JAG Airman provides unique service while deployed
By Staff Sgt. Tim Beckham, U.S. Air Forces Central, Baghdad Media Outreach Team
/ Published April 24, 2009
CAMP VICTORY, Iraq --
At home stations many Air Force attorneys spend their days providing legal counsel and preparing legal documents, but for one Air Force captain being deployed means serving in a unique legal position.
Capt. Sophia Crawford, Multi-National Force-Iraq Office of the Staff Judge Advocate; Detention, Judicial and Legal Policy attorney, provides a service that she would normally never get to do outside the country of Iraq, as she is the U.S. legal representative that provides feedback on how the Iraq detention facilities perform with regard to legal issues.
"I specifically work in detention operations, so everything that has to with a detainee or anything potentially relating to a detainee is what I do," said Captain Crawford, who is deployed from Maxwell-Gunter Air Force Base, Ala. "This could range from detainee deaths to detainee imagery. We also deal with interrogation procedures and provide legal reviews and advice to the MNF-I commanding general."
Captain Crawford said working in the Area of Responsibility is unique because she has to work from three different sides of the law.
"Just learning all the law has been a challenge, I mean we must have the appropriate authority to detain someone and authority to question someone, which has changed dramatically since the implementation of the Security Agreement post 1 Jan 09. It's a big realm of law, not only do we use United States law, but we use international law and abide by Iraqi law," said the Dallas native. "We have to coordinate and make sure we operate within all three, it's a lot of coordination with Iraq."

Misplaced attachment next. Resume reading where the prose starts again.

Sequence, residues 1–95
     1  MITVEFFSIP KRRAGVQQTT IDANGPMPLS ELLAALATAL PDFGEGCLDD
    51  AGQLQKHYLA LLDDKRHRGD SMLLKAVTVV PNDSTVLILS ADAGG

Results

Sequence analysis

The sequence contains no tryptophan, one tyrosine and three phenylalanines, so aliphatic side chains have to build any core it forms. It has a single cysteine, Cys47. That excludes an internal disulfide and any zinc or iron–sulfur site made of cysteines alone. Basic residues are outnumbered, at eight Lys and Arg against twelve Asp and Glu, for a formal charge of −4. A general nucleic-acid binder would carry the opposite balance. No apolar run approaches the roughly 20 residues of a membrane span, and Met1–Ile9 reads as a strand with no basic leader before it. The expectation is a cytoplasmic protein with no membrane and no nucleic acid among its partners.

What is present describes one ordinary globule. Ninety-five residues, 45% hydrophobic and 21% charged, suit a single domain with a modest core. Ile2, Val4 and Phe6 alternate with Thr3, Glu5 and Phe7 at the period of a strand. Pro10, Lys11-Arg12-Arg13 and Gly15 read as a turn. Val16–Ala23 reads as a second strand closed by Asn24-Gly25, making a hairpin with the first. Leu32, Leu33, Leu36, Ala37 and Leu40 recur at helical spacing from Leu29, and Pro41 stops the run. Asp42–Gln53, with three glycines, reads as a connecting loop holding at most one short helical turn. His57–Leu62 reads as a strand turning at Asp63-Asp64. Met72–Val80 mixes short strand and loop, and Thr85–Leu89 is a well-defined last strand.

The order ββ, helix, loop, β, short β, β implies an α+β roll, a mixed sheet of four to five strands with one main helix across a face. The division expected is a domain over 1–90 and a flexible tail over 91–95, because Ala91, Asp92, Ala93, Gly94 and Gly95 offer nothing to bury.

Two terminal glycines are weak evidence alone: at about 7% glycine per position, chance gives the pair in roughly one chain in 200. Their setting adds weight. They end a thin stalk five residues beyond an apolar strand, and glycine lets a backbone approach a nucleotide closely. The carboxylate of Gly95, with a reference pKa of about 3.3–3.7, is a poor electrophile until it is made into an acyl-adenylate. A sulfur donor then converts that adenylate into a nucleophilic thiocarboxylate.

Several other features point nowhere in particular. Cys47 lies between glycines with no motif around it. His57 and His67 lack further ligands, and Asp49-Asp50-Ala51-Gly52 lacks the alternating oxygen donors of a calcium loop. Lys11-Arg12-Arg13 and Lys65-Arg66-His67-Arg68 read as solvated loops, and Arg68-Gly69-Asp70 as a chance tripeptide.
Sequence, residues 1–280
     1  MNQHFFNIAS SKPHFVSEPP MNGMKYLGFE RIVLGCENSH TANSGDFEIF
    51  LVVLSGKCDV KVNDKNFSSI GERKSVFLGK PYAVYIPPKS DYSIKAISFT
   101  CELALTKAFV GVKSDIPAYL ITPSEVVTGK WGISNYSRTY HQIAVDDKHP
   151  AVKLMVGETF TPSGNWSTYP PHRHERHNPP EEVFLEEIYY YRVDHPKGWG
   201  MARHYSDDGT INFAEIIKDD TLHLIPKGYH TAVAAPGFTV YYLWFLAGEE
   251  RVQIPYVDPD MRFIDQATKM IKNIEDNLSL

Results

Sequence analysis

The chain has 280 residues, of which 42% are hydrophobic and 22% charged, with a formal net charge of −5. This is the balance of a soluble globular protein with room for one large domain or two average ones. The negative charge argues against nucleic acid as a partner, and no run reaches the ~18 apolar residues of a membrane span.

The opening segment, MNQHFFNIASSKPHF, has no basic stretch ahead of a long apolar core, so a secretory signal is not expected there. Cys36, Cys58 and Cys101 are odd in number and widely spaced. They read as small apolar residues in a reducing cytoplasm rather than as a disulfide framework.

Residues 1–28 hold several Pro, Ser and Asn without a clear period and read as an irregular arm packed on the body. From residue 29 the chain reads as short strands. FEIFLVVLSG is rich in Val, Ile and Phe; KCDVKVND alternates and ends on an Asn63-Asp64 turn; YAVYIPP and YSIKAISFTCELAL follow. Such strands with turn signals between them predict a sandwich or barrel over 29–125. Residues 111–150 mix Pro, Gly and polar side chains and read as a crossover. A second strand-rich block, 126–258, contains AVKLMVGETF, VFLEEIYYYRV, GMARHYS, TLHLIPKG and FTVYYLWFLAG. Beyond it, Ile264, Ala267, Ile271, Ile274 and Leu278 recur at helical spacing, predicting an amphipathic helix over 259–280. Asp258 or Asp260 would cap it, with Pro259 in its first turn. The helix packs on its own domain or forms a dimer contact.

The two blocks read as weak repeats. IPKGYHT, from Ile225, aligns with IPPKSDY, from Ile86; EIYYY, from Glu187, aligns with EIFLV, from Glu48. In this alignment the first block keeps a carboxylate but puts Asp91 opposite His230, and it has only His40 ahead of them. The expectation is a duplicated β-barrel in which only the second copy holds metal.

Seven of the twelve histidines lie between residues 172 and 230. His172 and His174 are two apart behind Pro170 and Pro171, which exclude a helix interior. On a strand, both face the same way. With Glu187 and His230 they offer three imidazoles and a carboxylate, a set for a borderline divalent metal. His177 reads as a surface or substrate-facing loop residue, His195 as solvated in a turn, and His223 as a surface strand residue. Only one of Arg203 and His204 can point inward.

Air Force attorneys are compelled to view cases objectively and doing what is in the best interest of the United States.
"I am a JAG who represents the United States and it's my job to advocate for the commander. I'm also a prosecutor and it's my responsibility to make sure people are operating within the law," she said. "No matter who you are, you have to realize that detainees have rights."
The 30-person MNF-I legal team is a total force concept with Reserve and active-duty attorneys ranging from O-3s to O-6s in the Army, Navy, Air Force, Coast Guard and even the Australian army colonel is represented here.
"Air Force captains usually don't get to practice law in the AOR, it is a great opportunity to learn the different terms and practices they (co-workers) use," said Captain Crawford. "I have just learned so much, I am the junior ranking officer, so everyone is a mentor to me. It has been a great experience from the officer standpoint as well as a JAG."